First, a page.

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But if I cannot win you to this love,
hands: When peers thus knit, a kingdom ever stands.
Pentapolis. A Room in the Palace.
Enter Simonides, reading a Letters, the Knights
meet him. 1 Knight. Good morrow to the good Simonides.
6 — and win unto RETURN,
You shall like diamonds sit about his crown.] As these are the concluding lines of a speech, perhaps they were meant to rhyme. We might therefore read:
and win unto renown.” i. e. if you prevail on him to quit his present obscure retreat, and be reconciled to glory, you shall be acknowledged as the brightest ornaments of his throne. STEEVENS. 7 We with our travels will endeavour it.] Old
copy : “ We with our travels will endeavour." Endeavour what? I suppose, to find out Pericles. I have therefore added the syllable which appeared wanting both to metre and sense.
MALONE. I would readily concur with the opinion of Mr. Malone, had passion, instead of calm resolution, dictated the words of the speaker. STEEVENS.
8 Enter SIMONIDES, reading a Letter,] In The Historie of
Sim. Knights, from my daughter this I let you
know, That for this twelvemonth, she'll not undertake A married life. Her reason to herself is only known, Which from herself by no means can I get. 2 Knight. May we not get access to her, my
lord ? Sim. 'Faith, by no means ; she hath so strictly
tied her To her chamber, that it is impossible. One twelve moons more she'll wear Diana's livery; This by the eye of Cynthia hath she vow'd', And on her virgin honour will not break it. 3 Knight. Though loath to bid farewell, we take our leaves.
[Exeunt. Sim. So They're well despatch'd; now to my daughter's
letter: She tells me here, she'll wed the stranger knight, Or never more to view nor day nor light. Mistress, 'tis well, your choice agrees with mine; I like that well:-nay, how absolute she's in't, Not minding whether I dislike or no!
King Appolyn of Thyre, “two kynges sones" pay their court to the daughter of Archystrates, (the Simonides of the present play). He sends two rolls of paper to her, containing their names, &c. and desires her to choose which she will marry. She writes him a letter (in answer), of which Appolyn is the bearer,--that she will have the man " which hath passed the daungerous undes and perylles of the sea-all other to refuse.” The same circumstance is mentioned by Gower, who has introduced three suitors instead of two, in which our author has followed him. MALONE.
In Twine's translation, these suitors are also three in number, Ardonius, Munditius, and Carnillus. Steevens.
9 This by the eye of Cynthia hath she vow'd,] It were to be wished that Simonides (who is represented as a blameless character) had hit on some more ingenuous expedient for the dismission of these wooers. Here he tells them as a solemn truth, what he knows to be a fiction of his own. STEEVENS.
Well, I commend her choice;
Sim. To you as much, sir! I am beholden to you,
Per. It is your grace's pleasure to commend; Not my desert. Sim.
Sir, you are musick's master. Per. The worst of all her scholars, my good lord. Sim. Let me ask one thing. What do you think,
sir, of My daughter ?
PER. As of a most virtuous princess.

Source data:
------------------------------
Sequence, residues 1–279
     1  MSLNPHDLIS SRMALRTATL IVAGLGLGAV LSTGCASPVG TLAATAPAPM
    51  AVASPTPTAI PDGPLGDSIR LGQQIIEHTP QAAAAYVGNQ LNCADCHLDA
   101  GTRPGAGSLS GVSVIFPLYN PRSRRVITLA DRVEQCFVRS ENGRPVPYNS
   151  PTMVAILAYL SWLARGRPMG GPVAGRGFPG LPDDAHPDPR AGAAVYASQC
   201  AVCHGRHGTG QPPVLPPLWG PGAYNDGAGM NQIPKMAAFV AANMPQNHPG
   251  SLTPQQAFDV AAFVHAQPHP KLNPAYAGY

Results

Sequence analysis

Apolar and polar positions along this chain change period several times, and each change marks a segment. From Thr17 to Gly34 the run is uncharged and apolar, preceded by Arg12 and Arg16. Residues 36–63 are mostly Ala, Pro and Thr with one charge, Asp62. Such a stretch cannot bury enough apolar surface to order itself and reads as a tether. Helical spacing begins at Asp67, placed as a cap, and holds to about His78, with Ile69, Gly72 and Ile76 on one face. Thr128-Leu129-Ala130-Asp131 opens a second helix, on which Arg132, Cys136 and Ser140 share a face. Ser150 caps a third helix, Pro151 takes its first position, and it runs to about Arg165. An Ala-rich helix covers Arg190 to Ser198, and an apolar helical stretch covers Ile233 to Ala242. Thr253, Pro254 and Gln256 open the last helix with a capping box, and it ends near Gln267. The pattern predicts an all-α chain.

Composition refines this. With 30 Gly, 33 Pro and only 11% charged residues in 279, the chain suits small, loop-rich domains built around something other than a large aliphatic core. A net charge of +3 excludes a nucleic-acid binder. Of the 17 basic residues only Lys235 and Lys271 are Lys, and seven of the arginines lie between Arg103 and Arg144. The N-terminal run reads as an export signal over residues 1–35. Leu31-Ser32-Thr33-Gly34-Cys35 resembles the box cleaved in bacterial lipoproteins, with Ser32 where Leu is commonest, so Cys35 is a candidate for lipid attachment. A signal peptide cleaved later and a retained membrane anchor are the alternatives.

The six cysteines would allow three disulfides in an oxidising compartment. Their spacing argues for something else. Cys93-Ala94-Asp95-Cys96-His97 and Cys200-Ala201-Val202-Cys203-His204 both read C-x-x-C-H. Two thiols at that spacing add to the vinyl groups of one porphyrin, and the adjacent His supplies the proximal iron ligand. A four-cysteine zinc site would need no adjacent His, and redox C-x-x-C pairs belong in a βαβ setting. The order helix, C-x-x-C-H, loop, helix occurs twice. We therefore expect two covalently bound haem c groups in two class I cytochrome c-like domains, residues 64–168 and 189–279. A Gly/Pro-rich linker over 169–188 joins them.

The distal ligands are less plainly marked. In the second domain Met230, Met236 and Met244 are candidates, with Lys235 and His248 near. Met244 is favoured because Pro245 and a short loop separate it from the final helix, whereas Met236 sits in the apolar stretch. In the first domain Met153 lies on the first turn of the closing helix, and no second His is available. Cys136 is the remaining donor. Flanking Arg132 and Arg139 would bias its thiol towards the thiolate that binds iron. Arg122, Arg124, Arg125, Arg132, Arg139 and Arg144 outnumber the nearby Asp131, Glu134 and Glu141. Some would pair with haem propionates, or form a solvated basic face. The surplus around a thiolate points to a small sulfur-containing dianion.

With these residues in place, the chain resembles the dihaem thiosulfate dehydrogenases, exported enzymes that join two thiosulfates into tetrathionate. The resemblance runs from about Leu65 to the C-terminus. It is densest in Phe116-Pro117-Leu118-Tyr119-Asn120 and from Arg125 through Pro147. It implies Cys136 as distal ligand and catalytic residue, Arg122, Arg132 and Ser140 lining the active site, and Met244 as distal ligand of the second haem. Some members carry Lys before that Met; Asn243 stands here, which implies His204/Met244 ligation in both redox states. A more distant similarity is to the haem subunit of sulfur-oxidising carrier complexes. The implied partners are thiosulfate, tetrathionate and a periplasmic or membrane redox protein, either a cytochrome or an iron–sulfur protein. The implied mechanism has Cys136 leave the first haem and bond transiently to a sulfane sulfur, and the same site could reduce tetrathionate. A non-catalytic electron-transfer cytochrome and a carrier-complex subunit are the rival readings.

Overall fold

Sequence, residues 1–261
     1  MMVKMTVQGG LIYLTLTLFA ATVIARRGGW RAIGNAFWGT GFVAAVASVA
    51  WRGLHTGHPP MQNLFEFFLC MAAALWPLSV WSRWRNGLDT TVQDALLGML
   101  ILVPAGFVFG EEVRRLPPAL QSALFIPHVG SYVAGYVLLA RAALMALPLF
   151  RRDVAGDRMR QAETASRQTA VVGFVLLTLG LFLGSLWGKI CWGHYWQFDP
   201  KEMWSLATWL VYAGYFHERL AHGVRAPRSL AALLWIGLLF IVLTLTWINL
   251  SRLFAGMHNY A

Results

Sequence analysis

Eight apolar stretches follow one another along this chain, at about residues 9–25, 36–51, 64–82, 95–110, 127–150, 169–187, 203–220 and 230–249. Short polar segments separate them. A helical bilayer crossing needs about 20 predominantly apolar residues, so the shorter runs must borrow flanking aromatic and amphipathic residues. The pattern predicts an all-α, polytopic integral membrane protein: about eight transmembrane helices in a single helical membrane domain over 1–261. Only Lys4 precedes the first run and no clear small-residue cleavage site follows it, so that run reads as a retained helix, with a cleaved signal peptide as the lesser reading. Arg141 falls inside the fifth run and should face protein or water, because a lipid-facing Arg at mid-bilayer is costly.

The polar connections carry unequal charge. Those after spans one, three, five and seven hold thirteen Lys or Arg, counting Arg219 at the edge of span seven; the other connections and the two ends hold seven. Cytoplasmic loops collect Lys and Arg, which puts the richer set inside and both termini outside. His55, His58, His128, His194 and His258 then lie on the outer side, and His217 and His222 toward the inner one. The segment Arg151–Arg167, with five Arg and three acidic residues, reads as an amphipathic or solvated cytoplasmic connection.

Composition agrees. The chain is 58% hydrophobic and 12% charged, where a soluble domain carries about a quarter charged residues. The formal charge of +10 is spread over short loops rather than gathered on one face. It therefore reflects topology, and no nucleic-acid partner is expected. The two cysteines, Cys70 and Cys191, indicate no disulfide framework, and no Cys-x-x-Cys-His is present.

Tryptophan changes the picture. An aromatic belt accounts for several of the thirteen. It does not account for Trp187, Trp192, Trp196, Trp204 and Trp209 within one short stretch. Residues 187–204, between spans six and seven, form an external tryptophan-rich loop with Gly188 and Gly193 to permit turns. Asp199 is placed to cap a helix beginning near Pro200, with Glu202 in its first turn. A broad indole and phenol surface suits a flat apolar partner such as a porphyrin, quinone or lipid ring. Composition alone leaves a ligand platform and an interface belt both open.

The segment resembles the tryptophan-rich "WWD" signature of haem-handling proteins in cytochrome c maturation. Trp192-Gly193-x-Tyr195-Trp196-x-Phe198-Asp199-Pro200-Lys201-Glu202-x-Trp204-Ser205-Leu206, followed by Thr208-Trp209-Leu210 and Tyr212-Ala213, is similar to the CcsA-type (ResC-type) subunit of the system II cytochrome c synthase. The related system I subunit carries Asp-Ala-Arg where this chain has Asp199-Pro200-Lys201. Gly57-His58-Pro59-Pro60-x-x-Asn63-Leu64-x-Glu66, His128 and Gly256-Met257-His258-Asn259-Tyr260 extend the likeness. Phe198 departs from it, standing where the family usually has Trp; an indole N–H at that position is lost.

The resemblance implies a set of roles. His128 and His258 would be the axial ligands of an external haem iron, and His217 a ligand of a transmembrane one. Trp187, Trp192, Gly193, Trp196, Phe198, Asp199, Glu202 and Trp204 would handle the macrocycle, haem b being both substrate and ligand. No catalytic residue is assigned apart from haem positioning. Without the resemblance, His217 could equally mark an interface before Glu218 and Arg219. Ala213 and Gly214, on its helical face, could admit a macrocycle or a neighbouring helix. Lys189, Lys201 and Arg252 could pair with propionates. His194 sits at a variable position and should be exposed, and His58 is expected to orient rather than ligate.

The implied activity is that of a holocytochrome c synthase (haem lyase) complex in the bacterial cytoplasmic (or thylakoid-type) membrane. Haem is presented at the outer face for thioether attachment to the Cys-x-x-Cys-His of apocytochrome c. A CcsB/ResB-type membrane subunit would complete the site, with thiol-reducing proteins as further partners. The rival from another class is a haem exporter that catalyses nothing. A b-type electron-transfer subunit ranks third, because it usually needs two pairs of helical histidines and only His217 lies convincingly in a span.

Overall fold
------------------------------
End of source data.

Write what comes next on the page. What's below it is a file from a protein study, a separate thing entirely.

I am beholden to you, For your sweet musick this last night :) Here also our author has followed Gower :
“ She, to doone hir faders hest,
Upon a chaire, whiche thei sette,
Madame, certes well, he saied ;
the measure plaied,
“ He taketh the harpe, and in his wise
That as a voice celestial
Sim. And she is fair too, is she not?
Sim. My daughter, sir, thinks very well of you ;
Per. Unworthy I to be her schoolmaster”.
Per. What's here!
thou art A villain.
PER. By the gods, I have not, sir.
Sim. Traitor, thou liest.
Ay, traitor, sir. Per. Even in his throat, (unless it be the king',) That calls me traitor, I return the lie. Sim. Now, by the gods, I do applaud his courage.
[Aside. Per. My actions are as noble as my thoughts,
To be her schoolmaster.] Thus the quarto 1619. The first copy reads--for her schoolmaster.
MALONE. My gracious lord,] Old copies me. I am answerable for the correction. MALONE.
4 Thou hast Bewitch'd my daughter,] So, Brabantio, addressing himself to Othello :
“Damn'd as thou art, thou hast enchanted her.”
- The king.)] Thus the quarto 1609. The second copy hasa king. MALONE.
That never relish'd of a base descent 6.
Sim. Yea, mistress, are you so perémptory ?I am glad of it with all my heart. [Aside.] I'll tame
you; I'll bring you in subjection.Will you, not having my consent, bestow Your love and your affections on a stranger ? (Who, for aught I know to the contrary, Or think, may be as great in blood as I.) [Aside. Hear therefore, mistress; frame your will to mine,And you, sir, hear you.-Either be rul'd by me, Or I will make you—man and wife.Nay, come; your hands and lips must seal it too.
6 That never RELISH'D of a base descent.] So, in Hamlet:
“ That has no relish of salvation in it." Again, in Macbeth :
“ So well thy words become thee as thy wounds;
They smack of honour both." Malone. No!Here comes my daughter, she can witness it.] Thus all the copies. Simonides, I think, means to say— Not a rebel to our state !-Here comes my daughter: she can prove, thou art one.' Perhaps, however, the author wrote—“ Now, Here comes,” &c.In Othello, we find nearly the same words :
Here comes the lady, let her witness it.” MALONE.